>Bread Loaf: Day 6 (Monday)

Ostensibly a rest day, there was no lecture in the morning. Some participants ran in the “Writer’s Cramp Race”–a 2.8 mile run down to the Frost Cabin and back–but I did not. (I did it last year; isn’t that enough?) And lunch was a picnic at the Frost Cabin followed by a talk by John Elder and a tour of the cabin. I skipped the talk and tour, since I’d done those last year, and instead continued reading for workshop on Tuesday.

In the afternoon we had a reading by three fellows: poet Oni Buchanan, whose cryptographic poetry is fun and interesting and surprising; Katharine Noel, whose novel about a teenage girl’s psychotic break seems quite dark; and Cheryl Strayed, whose novel Torch, about a woman dying of cancer, is dark in a different way.

In the evening, fellow Rachel DeWoskin read from her memoir, Foreign Babes in Beijing, which was funny, but I didn’t get the sense that it attempted to be a very deep analysis of life in China (although I recognize I’m pretty hard to please on this subject and others, who don’t have first-hand experience there, might feel differently). And then the top of the bill for the evening: Mark Doty. Doty read several striking poems and also read a long excerpt from a new prose book that will be out in early 2007 called Dog Years. The book is about life with two aging dogs, but it seems to be an excuse to meditate on a number of big issues. It sounded terrific and I plan to get it when it comes out.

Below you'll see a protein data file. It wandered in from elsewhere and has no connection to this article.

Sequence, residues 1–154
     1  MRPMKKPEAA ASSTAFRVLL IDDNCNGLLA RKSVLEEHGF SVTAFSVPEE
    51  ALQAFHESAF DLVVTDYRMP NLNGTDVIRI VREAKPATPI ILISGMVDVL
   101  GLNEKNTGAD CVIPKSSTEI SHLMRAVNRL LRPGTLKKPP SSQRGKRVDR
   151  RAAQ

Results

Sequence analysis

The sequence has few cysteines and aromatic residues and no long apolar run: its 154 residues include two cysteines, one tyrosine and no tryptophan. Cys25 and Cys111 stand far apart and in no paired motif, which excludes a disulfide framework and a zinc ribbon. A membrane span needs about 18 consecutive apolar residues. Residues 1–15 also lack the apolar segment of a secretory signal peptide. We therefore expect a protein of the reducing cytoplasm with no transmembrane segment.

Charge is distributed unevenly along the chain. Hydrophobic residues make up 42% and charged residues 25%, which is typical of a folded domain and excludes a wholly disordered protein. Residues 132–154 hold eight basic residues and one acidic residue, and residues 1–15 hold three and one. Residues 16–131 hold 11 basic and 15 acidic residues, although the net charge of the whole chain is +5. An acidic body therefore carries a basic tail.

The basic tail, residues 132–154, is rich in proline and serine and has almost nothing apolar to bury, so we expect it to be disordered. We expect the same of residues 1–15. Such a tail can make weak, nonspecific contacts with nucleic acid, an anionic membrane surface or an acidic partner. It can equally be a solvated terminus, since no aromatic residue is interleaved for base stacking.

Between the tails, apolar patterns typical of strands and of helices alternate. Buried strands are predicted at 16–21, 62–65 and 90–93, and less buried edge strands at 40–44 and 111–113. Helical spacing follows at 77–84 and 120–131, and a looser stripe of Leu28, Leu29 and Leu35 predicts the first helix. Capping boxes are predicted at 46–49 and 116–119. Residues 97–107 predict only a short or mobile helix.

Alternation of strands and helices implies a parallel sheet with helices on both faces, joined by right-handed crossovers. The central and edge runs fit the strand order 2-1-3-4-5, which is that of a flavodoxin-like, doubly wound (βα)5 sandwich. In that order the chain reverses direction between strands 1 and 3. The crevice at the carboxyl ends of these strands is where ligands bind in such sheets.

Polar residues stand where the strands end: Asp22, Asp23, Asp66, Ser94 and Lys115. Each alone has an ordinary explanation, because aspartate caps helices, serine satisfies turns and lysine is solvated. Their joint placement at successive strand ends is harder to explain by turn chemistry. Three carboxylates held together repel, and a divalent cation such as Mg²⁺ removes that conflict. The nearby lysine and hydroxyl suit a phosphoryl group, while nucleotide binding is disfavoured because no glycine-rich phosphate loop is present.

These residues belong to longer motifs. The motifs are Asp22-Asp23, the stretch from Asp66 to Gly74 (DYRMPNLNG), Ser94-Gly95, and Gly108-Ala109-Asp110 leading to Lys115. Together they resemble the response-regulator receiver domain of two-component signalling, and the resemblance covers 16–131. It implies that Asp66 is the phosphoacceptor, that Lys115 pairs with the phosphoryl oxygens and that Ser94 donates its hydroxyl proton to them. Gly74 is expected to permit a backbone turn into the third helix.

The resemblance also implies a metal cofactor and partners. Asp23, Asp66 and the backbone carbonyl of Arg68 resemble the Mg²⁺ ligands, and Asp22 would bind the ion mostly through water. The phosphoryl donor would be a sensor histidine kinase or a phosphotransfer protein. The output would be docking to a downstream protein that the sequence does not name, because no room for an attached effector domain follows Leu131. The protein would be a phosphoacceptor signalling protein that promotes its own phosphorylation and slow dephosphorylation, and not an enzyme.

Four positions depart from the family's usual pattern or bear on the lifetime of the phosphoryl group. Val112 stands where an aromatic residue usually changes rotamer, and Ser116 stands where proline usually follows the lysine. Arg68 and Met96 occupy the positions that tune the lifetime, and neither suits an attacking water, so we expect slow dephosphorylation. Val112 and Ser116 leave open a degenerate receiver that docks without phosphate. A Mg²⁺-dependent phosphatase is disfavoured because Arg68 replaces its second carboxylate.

It was nice to have a lighter day as we prepare for the final push.

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  1. >I saw Rachel DeWoskin when she was at BU’s Creative Writing poetry group. I didn’t know that she was writing a book, but you are right, Foreign Babes is funny but without insight, though she had great connections in China then.


  2. >Readers will learn things about China in DeWoskin’s book that they won’t anywhere else. You seem to have a very particular taste in the matter of things Chinese that you don’t with other subjects; attempting to say something-anything-about China would seem to be the one punishable offense in your Bread Loaf cosmos. (I didn’t see anyone singled out for an unoriginal presentation, or a ponderous one, or one overlong for its subject matter, or one that was derivative, etc., etc., anywhere else in your blog, though I’ll confess I haven’t made it through the whole thing.)

  3. >As I said, I’m especially hard to please on this subject, because I’ve spent so much time in China. I’m sure most people will enjoy Rachel’s book–indeed, the reading was received extremely well and she sold many books and I had a very pleasant time talking with her afterwards. Furthermore, I haven’t read the book. No doubt we can attribute my slightly negative reaction to jealousy and/or sour grapes!

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